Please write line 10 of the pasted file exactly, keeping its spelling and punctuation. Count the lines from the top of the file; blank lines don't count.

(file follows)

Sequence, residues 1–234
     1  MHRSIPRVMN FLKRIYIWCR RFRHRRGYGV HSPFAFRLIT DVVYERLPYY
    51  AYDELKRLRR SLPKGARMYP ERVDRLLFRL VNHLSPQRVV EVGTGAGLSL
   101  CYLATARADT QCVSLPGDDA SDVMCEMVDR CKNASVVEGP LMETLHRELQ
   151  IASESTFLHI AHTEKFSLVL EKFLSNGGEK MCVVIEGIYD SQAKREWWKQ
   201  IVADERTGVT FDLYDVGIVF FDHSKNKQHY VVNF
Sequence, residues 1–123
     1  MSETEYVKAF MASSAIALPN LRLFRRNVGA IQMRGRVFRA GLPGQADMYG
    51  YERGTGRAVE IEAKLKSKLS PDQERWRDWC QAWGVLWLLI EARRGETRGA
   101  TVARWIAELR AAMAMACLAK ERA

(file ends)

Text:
   101  TVARWIAELR AAMAMACLAK ERA